Designers in Paris have made a graphic statement for spring and have expressed it most dramatically in black and white. Bold stripes, "color" blocks and spaced-out prints provide handles for negative/positive messages just as exciting as the wildest color palette. They present a framework which welcomes an injection of color via shoes, hats, belts, whatever.
It started with Yves Saint Laurent's black-and-white, clown-like blocks and graphic waves spun off from Picasso, specifically his designs for the Diahilev Ballet Russe presentation of Le Tricorne.
Saint Laurent was hardly alone in such offerings. For Marc Bohan at Dior there were angular blocks of black and white shaping suits and dresses. Claude Montana, who once masterminded the tough black-leather look in Paris, worked in white organza and pared white linen jackets with side-draped-or-pleated skirts in white scattered patterns on black silk. Karl lagerfeld chose soft fabrics to show off his graphicaly patterned black-and-white designs in mini-to ankle-lengths. (In the end, he was shipping them all just below the knee.)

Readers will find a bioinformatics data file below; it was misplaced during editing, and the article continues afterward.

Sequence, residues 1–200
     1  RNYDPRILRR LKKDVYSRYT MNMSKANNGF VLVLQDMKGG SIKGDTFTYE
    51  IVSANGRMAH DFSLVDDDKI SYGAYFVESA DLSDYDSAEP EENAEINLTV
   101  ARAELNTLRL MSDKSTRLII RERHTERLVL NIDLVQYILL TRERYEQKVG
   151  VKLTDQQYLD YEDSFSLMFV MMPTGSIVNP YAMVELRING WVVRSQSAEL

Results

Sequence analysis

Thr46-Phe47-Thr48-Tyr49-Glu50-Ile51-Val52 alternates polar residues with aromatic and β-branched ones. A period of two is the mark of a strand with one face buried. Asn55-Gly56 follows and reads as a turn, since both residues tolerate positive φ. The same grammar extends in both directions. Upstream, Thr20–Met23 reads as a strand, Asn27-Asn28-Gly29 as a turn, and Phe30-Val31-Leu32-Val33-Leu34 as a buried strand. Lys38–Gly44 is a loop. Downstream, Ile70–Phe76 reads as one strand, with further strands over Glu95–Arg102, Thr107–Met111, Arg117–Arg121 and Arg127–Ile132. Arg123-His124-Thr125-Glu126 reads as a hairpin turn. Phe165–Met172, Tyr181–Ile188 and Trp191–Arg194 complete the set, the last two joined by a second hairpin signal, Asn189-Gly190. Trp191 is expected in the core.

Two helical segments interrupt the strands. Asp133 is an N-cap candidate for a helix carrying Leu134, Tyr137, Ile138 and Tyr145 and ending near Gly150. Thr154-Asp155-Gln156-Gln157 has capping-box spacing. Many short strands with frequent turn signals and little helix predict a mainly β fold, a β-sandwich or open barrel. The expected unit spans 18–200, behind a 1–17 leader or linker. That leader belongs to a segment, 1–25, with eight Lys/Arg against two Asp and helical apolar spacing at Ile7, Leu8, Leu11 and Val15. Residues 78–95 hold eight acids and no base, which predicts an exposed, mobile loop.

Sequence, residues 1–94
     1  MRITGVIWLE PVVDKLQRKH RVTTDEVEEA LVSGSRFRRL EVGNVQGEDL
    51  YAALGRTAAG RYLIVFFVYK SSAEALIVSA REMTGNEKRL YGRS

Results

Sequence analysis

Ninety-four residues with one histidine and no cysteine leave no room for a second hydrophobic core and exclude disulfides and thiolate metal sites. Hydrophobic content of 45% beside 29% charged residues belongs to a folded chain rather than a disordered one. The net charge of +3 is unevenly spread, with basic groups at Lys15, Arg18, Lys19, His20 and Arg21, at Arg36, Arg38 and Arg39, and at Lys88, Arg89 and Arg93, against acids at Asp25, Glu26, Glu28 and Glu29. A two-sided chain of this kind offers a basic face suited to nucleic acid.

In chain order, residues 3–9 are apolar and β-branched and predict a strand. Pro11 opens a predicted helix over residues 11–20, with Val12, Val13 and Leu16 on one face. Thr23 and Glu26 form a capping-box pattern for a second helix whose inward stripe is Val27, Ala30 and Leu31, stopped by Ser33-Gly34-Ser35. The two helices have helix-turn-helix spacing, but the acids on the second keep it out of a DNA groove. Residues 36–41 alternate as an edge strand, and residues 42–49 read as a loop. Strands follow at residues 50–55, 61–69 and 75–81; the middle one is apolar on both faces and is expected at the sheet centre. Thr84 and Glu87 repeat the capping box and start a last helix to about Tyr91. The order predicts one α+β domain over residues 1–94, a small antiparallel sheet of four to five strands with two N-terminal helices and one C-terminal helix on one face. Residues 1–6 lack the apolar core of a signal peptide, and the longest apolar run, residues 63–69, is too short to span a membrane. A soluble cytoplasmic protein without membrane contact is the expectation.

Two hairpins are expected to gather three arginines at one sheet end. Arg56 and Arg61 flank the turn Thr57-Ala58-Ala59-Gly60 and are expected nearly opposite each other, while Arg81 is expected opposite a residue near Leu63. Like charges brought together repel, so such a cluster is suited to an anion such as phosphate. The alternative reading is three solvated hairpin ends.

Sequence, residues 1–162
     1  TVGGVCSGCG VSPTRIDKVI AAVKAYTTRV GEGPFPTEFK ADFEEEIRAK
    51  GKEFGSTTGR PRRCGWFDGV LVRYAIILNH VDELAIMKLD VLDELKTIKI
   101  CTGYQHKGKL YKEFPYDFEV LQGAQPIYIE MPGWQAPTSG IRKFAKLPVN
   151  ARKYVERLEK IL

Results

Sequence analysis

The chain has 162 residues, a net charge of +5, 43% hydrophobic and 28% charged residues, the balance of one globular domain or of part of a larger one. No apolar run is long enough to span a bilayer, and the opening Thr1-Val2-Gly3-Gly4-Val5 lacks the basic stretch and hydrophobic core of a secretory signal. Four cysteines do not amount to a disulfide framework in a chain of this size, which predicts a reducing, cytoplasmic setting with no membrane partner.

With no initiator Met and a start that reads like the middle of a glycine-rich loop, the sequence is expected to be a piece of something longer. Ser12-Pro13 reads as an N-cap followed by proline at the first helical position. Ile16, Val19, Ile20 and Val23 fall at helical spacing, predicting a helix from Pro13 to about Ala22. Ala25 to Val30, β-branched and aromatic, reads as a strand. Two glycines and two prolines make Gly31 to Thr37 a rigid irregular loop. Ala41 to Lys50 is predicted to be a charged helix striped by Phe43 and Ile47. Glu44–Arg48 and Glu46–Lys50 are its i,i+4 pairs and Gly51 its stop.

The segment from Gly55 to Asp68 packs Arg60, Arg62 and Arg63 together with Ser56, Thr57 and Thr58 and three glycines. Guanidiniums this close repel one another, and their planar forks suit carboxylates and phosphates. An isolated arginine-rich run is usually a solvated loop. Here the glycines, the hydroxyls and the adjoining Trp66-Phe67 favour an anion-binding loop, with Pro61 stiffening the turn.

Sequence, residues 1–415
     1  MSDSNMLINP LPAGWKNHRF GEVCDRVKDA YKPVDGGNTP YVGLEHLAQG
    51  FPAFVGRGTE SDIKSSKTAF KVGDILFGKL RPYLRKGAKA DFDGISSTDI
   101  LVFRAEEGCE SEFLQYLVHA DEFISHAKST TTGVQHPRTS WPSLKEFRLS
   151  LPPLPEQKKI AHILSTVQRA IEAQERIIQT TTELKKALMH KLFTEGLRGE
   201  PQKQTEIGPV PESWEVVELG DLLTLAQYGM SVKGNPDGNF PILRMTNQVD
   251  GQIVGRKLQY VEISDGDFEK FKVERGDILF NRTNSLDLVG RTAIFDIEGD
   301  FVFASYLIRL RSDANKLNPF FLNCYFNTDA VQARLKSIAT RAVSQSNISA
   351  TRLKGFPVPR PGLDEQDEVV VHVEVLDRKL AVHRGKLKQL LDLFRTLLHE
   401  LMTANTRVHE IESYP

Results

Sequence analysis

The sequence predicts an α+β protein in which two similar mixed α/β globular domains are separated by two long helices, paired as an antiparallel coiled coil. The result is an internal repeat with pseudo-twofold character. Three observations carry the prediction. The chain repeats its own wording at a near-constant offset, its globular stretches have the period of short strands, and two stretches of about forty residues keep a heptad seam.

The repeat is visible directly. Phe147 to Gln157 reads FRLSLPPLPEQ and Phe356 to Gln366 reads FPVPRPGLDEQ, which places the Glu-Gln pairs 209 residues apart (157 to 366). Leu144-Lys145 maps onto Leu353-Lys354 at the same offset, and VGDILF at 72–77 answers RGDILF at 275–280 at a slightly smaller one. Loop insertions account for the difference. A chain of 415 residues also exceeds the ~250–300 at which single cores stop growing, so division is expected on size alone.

It didn't stop there. Anne Marie Baretta shaped the chemise in black or white leather, silk or linen with scattered brief lines in the opposite. Georges Rech did white prints on black and then the reverse on backgrounds of black and white. And many other designers worked in black and white as well.
That was hardly the only message of Paris designers for spring, but certainly one that starts the 1980s off with a bold, clear statement that will be heard here.